By Chris Thew
The Colville Confederated Tribes are working on two potential clean energy products - wind power projects on the reservation and an improved woody biomass incinerator at the Colville Indian Plywood and Veneer plant - that could mean millions for the tribe and a steady flow of jobs.
The tribes have signed a memorandum of understanding with Clipper Windpower, a Carpinteria, Calif., company specializing in wind energy technology, turbine manufacturing and wind project development, to develop wind power operations cooperatively at up to four areas on the reservation, Tribal Energy Coordinator Ernie Clark said.
The agreement calls for the two groups to identify wind energy resource areas on the reservation to develop future wind energy development opportunities.
"Our goal is to bring benefit to the Colville Tribes while protecting and preserving our lands," Clark said. "The tribe is very excited about possible renewable energy developments, including wind."
Last summer, the tribe and Clipper Windpower installed three 60 meter anemometer towers to provide wind speed and direction data for feasibility assessments.
Clipper Windpower is considering four different areas of the reservation, each about eight or nine miles long and a mile or two wide, Clark said. Most of the areas are undeveloped and two of the areas are within timber areas.
Clark said the large turbines would not harm the forest area, because they are much larger than surrounding trees.
If the project is considered feasible based on the amount of wind recorded in the area, Clipper Windpower plans to install 30-40 2.5-megawatt turbines at each site.
Plans call for wind speeds to be tested for one year, Clark said.
"This is the windy part of the year, so it's probably looking pretty good," Clark said.
Clark said that if the project is approved, turbines would be constructed and in place within three years.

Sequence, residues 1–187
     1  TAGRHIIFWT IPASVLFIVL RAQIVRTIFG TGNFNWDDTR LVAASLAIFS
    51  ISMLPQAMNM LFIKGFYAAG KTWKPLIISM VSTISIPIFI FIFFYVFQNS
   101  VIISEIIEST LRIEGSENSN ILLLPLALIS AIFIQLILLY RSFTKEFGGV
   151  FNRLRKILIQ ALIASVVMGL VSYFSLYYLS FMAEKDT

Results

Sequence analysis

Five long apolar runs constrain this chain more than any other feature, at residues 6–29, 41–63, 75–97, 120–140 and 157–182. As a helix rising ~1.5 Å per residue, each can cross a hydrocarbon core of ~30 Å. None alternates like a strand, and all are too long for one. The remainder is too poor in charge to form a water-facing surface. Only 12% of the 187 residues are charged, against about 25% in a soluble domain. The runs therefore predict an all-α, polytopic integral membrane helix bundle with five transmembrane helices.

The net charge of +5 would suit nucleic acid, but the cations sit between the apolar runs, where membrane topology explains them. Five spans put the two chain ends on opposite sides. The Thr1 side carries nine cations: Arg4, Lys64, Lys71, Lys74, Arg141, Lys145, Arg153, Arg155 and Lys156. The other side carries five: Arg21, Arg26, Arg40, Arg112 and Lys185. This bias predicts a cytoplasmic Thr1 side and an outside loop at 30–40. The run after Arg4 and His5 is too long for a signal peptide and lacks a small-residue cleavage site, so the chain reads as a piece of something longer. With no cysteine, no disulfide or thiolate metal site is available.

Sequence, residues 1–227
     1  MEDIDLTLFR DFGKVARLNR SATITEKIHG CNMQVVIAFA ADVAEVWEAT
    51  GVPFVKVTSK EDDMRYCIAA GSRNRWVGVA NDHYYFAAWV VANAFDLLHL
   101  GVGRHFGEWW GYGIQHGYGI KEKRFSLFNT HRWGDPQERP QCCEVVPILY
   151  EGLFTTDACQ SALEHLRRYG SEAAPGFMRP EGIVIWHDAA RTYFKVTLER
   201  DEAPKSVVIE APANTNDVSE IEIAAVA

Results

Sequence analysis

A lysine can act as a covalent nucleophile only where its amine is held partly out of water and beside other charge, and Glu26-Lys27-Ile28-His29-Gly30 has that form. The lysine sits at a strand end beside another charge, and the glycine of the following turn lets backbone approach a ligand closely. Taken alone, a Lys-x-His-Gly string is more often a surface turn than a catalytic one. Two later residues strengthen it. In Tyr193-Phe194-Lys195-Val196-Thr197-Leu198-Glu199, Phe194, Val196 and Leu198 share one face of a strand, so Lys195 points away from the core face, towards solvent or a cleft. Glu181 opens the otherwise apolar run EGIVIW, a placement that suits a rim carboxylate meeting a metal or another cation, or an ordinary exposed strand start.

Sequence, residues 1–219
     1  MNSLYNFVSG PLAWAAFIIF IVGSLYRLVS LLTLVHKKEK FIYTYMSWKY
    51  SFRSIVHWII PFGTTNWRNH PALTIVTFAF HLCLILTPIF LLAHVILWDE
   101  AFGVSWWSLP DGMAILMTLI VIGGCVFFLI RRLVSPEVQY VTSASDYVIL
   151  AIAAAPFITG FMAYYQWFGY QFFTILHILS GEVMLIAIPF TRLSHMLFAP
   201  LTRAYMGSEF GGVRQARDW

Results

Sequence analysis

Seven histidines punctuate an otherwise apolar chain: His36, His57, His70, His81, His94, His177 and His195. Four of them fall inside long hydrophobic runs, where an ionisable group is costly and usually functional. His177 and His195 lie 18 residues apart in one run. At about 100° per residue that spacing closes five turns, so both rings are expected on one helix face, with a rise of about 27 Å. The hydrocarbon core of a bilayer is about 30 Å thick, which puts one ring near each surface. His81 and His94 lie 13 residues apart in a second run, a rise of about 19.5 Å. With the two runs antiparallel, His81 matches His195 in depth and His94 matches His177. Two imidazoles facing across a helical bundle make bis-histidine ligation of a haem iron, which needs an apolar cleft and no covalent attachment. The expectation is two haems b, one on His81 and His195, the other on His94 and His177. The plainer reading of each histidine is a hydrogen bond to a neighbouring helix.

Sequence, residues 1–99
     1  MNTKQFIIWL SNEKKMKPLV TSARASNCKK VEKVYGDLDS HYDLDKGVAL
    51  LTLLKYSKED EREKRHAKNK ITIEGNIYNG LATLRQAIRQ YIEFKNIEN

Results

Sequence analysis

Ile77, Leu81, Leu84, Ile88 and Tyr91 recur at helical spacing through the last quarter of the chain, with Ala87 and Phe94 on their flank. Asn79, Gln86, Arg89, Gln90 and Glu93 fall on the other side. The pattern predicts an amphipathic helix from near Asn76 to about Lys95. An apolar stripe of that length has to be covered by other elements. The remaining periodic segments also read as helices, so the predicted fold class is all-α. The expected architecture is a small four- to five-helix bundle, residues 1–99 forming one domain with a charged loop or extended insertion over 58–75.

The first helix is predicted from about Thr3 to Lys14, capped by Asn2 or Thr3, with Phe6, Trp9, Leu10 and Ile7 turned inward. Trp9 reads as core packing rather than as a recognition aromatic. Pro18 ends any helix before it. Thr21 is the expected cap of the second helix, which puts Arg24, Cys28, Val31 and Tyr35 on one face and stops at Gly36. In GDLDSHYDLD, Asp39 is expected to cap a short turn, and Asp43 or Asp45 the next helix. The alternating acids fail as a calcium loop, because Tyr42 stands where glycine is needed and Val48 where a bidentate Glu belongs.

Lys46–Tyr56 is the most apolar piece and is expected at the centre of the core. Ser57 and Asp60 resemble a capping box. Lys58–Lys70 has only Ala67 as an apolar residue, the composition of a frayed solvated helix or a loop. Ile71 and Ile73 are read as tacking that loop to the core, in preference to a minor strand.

It is still to be determined how much money the tribe would invest.
"More than likely Clipper would come up with their own financing," Clark said. "The benefit we get with Clipper is they're a seasoned energy company."
Under the agreement, Clipper Windpower would hold a 99 percent ownership in the project for four or five years and would then transfer to the tribe.
"We would structure the agreement so they would be 99 owners at first," Clark said. "Eventually, the tribe would be 100 percent owner."
Clark said the big thing for Clipper Windpower would be the tax incentives for producing clean energy.
If one of the projects was successful, Clark said the return could be $30 million a year, depending on the market price on energy.
The tribe also is considering an improved 20-megawatt woody biomass burner at Colville Indian Plywood and Veneer to replace an older unit in place. The tribe would like to have the project in place in three years, Clark said.
The nine-megawatt unit at the mill is inefficient, he said.
"They just run it to produce steam now," Clark said. "Even if they wanted to produce power it's so inefficient they would probably lose money if they tried."
Clark expects the project would cost $30 million, but the tribe would likely create a partnership with another company that could benefit from tax-incentives.
He said the 20-megawatt burner could possibly bring in $8 million a year.
"It would probably make more than the two mills combined," Clark said.
Fuels for the burner would come from within 50 miles of the facility, including waste from the mills, timber, slash and thinnings from tribal forests and possibly Forest Service lands and also from the private sector, Clark said, adding that the plant will require more fuel than the current facility and more workers to deliver and process the fuel.
"A 20-megawatt will burn a lot of fuel, which means more jobs," Clark said. "There'd be a lot of trucks coming to the mill."